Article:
8. Map, compass, GPS and weather forecast
If you’re going to run in the mountains you really ought to know how to use this stuff, or at least go with someone who does – try a club or the forum at fellrunner.org.uk. I did a five-day MLTB mountain leader training course at the Plas y Brenin national mountain centre in Snowdonia last year, which gave me confidence in the hills. PyB also runs weekend navigation courses, and numerous independent operators can be found in the back of outdoor magazines such as Trail.
Mountain weather forecasts are available online at the Mountain Weather Information Service (MWIS) and the Met Office. Twitter is also a useful resource when trying to find out if there’s snow and ice on the tops – just search the name of your mountain and you might find photos taken in the past few days or hours. In the Lakes, the fell-top assessors provide daily conditions reports on Helvellyn and Scafell Pike.
9. Mobile phone in waterproof bag
You should obviously carry a mobile phone and some cash in a waterproof bag. You can get all sorts of expensive bags for phones, or use a small mountaineering stuff sack or even a sandwich bag.
10. Small first aid kit and emergency shelter
If you get in trouble in the mountains you may have to spend some time in hostile conditions, waiting for help or for the weather to improve. An emergency shelter or bivvy bag could save your life.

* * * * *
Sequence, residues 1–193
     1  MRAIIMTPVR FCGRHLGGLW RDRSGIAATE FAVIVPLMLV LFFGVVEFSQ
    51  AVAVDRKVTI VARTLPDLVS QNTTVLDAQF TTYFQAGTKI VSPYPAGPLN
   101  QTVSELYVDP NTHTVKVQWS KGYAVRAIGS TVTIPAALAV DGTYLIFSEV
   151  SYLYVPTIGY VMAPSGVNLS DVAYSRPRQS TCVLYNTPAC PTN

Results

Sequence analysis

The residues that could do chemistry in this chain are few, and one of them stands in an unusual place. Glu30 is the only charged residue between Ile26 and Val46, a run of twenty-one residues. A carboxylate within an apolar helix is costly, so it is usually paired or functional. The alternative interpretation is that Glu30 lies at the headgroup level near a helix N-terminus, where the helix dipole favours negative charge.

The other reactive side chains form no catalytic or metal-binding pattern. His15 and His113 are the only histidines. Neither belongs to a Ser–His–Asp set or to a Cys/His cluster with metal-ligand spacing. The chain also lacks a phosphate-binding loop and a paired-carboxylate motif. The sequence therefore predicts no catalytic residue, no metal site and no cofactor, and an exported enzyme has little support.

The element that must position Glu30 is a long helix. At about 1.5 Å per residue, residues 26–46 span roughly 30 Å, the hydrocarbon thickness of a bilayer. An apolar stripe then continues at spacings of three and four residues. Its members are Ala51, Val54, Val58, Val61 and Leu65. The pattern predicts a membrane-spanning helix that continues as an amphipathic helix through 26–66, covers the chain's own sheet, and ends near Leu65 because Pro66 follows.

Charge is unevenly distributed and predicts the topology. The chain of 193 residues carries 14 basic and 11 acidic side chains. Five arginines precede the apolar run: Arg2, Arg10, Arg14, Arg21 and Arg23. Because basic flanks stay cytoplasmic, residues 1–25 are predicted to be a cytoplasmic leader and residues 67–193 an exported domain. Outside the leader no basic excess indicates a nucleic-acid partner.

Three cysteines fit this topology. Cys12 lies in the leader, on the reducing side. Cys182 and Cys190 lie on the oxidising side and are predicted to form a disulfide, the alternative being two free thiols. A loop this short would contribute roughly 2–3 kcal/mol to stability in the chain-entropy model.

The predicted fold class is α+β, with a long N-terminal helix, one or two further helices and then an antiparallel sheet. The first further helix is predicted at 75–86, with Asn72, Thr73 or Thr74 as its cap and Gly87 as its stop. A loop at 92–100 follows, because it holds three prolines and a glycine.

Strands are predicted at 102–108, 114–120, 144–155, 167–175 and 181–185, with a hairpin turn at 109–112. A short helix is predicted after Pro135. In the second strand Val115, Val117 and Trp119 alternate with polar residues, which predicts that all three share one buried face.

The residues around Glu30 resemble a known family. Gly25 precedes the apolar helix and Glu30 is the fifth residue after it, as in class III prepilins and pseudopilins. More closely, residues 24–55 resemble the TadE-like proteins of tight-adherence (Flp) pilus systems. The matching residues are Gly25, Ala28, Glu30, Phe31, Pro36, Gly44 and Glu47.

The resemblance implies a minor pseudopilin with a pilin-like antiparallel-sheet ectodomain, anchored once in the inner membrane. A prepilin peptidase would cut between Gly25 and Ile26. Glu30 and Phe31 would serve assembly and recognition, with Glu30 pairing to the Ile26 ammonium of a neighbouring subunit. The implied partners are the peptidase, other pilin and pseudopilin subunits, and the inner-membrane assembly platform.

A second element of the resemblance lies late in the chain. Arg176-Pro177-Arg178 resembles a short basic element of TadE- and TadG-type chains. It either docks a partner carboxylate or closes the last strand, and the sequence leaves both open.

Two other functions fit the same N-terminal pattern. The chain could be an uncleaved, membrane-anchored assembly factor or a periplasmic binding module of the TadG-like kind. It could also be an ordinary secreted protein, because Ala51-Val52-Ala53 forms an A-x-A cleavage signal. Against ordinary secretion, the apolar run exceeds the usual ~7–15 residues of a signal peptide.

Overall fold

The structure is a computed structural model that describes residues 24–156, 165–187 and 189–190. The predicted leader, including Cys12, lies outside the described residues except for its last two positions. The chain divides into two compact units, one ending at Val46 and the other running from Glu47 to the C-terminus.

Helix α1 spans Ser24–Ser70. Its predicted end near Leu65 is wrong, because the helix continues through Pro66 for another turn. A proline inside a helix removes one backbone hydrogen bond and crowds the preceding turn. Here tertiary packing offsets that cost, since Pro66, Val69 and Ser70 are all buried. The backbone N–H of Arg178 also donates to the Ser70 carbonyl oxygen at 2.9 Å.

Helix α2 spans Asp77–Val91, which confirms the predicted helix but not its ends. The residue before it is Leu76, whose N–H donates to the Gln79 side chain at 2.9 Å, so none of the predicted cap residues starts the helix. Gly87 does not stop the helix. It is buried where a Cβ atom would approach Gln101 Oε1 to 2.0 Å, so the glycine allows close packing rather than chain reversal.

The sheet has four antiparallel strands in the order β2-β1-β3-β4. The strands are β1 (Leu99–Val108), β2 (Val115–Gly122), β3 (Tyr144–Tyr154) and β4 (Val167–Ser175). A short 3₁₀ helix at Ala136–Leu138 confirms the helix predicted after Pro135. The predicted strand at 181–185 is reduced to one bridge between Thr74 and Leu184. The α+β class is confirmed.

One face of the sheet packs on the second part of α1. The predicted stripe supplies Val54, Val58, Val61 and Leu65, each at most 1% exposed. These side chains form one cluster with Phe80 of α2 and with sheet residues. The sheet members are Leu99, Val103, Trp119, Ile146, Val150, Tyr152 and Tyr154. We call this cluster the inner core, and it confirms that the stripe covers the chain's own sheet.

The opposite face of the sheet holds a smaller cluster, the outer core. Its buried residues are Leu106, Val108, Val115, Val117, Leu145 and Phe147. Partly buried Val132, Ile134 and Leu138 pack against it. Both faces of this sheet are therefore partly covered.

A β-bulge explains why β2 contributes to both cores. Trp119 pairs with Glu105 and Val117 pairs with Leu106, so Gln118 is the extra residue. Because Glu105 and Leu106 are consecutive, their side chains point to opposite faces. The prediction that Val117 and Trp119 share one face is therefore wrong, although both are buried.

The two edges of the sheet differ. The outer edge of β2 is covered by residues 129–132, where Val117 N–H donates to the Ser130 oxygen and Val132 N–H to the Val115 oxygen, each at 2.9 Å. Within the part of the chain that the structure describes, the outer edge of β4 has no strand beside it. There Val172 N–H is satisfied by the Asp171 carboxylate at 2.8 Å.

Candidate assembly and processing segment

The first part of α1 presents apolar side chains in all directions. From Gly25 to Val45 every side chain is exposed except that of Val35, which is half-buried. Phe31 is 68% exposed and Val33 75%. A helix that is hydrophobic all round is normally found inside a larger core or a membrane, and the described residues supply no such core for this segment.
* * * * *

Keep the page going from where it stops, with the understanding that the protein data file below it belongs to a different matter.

I always keep a survival bag (£11) at the bottom of my pack – a lightweight, compact and cheap solution. Lifesystems also makes a range of waterproof shelters (from £30) for two to eight people (see picture).
It’s also worth carrying a small first aid kit – or at least some plasters and Compeed to deal with hot spots and blisters – and you’ll find this on compulsory kit lists for mountain marathons and ultras.
And finally …
Traditionally derided by British mountain walkers and runners, poles can help utilise upper body strength on the uphills, save your knees on the downs and provide extra balance on technical sections. I recently splashed out on a pair of carbon Black Diamond ultra-distance Z poles (£120), which weigh in at 275g a pair and easily stash on a pack waistband when not needed. Note that while considered pretty much essential on the UTMB, they’re banned in many races, including the Western States 100.
If you think you might be out when it gets dark, carry a head torch. I roadtested the Petzl Nao (£135) on a night trail run in the Lakes and its 355 lumen output blew away anything I’d tried before. The programmable Nao has a sensor which detects whether you’re looking at a near or distant object and automatically adjusts light output accordingly, which leaves your hands free for poles or scrambling, and its rear-mounted USB-chargeable battery has a life of around eight hours. Petzl and rival Silva make a range of less powerful, affordable alternatives, from around £20.
Of course the list above isn’t exhaustive and everyone I speak to has their own fail-safe methods and gear tips – so whether you are an experienced mountain runner with tips or a wannabe with questions, you’re welcome to comment below.